Media Musings From Cincinnati and Beyond

With good reason, the embarrassed FBI concedes that London’s daily Guardian does a better job of tracking killings by police in America. The latest examples are stunning.

With good reason, the embarrassed FBI concedes that London’s daily Guardian does a better job of tracking killings by police in America. The latest examples are stunning.The choke-hold death of New Yorker Eric Garner and shootings of Ohioans Tamir Rice and John Crawford “are missing from the federal government’s official record of homicides by officers because most departments refuse to submit data,” according to The Counted project being pursued by the Guardian. “Stephen Fischer, a spokesman for the FBI, said exclusions were inevitable because the program remained voluntary. ‘We have no way of knowing how many incidents may have been omitted,’ ” Fischer told the Guardian. • That said, here’s an investigative project for an enterprising local reporter: compare Tristate killings by police to
the FBI record. It would be fascinating if those homicides — already reported in local news media — failed to make the federal tally.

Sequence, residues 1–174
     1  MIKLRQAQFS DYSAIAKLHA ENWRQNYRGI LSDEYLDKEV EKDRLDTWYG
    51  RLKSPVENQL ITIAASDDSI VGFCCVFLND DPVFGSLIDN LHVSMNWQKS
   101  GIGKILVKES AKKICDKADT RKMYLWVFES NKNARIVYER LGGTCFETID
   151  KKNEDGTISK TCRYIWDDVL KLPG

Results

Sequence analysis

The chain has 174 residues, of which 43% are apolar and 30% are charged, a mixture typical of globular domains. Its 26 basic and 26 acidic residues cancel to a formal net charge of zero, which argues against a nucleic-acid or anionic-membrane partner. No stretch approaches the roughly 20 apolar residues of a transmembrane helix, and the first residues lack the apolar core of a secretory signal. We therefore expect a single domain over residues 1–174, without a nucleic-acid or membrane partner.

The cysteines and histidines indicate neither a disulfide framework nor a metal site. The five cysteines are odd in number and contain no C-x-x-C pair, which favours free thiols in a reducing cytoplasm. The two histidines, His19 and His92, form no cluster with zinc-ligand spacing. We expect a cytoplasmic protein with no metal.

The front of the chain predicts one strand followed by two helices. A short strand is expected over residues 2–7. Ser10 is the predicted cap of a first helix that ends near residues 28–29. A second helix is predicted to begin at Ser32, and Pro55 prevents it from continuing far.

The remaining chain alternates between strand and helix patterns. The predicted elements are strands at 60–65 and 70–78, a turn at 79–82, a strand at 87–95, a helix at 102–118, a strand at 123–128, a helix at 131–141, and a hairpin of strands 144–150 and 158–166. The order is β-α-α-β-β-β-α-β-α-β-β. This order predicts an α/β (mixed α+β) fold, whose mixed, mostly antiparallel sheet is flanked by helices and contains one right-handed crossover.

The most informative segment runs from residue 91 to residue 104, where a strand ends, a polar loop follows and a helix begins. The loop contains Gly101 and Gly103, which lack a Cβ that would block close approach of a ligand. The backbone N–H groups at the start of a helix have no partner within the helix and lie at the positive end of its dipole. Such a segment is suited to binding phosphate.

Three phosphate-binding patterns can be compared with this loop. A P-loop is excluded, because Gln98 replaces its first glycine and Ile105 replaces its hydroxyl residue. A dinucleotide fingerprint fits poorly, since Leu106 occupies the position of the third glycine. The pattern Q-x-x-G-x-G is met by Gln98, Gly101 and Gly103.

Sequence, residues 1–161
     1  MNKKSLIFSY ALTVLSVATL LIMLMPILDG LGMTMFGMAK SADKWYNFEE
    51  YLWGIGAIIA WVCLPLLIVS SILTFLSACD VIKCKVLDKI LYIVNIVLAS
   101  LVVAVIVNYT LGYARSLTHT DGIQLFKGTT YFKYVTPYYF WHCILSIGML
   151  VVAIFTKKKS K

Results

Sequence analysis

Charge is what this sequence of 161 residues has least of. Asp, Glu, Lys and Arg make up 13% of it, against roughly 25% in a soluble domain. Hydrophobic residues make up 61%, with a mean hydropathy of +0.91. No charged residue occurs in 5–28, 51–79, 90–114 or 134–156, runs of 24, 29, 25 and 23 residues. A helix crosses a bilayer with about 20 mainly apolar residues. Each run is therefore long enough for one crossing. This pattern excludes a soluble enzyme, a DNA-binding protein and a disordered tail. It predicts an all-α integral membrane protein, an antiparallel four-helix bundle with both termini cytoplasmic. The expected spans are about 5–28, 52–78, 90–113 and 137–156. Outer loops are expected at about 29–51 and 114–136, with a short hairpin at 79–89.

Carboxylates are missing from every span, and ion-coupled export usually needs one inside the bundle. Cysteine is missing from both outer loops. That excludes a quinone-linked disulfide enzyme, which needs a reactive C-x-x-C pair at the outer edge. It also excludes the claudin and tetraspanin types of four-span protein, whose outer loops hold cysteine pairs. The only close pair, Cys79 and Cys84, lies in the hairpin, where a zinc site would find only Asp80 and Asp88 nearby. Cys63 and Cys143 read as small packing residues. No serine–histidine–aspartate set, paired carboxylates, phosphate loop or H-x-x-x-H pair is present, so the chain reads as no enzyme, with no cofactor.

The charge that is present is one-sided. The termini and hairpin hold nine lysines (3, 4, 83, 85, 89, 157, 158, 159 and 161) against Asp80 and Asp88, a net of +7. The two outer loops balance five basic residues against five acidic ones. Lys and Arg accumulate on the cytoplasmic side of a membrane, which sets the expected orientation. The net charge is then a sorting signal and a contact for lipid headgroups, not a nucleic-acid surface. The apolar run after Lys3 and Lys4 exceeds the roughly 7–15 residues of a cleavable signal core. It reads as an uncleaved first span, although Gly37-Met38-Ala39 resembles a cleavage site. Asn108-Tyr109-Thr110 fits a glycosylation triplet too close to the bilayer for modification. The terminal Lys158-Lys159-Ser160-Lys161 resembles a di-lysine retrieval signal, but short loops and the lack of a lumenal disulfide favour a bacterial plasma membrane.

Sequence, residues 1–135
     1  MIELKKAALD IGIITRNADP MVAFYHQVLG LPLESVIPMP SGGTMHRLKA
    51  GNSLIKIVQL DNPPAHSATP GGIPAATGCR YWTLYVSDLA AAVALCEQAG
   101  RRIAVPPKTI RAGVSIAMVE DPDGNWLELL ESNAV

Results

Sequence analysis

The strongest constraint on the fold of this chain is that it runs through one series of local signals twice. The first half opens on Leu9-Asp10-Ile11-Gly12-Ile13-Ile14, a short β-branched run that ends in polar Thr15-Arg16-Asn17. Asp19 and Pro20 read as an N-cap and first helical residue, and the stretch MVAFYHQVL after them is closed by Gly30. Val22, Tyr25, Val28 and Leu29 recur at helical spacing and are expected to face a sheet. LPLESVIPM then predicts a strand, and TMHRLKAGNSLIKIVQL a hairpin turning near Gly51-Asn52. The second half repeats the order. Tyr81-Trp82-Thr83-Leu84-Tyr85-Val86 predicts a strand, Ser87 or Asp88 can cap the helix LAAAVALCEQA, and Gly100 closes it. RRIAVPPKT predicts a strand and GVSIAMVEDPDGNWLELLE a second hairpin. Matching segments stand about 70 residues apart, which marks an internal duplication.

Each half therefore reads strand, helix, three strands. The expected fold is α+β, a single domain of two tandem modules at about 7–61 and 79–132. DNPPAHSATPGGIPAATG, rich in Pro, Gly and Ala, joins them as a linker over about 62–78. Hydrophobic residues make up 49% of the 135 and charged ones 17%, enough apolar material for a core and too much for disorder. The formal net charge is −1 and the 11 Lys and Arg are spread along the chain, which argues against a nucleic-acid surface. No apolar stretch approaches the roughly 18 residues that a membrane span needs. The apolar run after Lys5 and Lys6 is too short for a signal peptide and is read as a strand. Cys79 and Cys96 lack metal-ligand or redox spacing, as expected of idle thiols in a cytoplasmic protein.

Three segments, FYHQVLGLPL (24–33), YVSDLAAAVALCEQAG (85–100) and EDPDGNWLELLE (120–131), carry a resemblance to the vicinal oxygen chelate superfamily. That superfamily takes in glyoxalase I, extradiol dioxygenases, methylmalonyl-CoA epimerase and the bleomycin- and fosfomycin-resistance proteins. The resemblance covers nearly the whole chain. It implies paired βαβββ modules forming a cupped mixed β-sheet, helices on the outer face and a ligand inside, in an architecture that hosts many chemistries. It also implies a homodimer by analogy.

• A brouhaha erupted a couple weeks ago involving The New York Times Magazine cover story on the killing of Bin Laden and critics who says it’s bullshit. The controversy involves conspiracy theories, veteran reporters and terrorism specialists. 

If this proves to be another Dan Rather moment, when accusations derive from flawed documents and interviews, it’ll be a serious hit on the Times ’ reputation. Could this be a rerun of the never-ending “Who Killed JFK?”• One reporter’s devastating story on a scientist’s remarks in June continues to stoke fires in the U.K.Journalist Connie St Louis attributed unabashed sexist remarks at a South Korean scientific conference to Sir Tim Hunt, a Brit who won the 2001 Nobel Prize for Medicine.  

A furor erupted and Hunt lost or resigned from prestigious positions in the U.K., although he maintained he was joking. 

Making a case for gender-segregated labs, Hunt told a women’s lunch at the World Conference of Science Journalists, “Let me tell you about my trouble with girls. Three things happen when they are in the lab. … You fall in love with them, they fall in love with you and when you criticize them, they cry. Perhaps we should make separate labs for boys and girls?”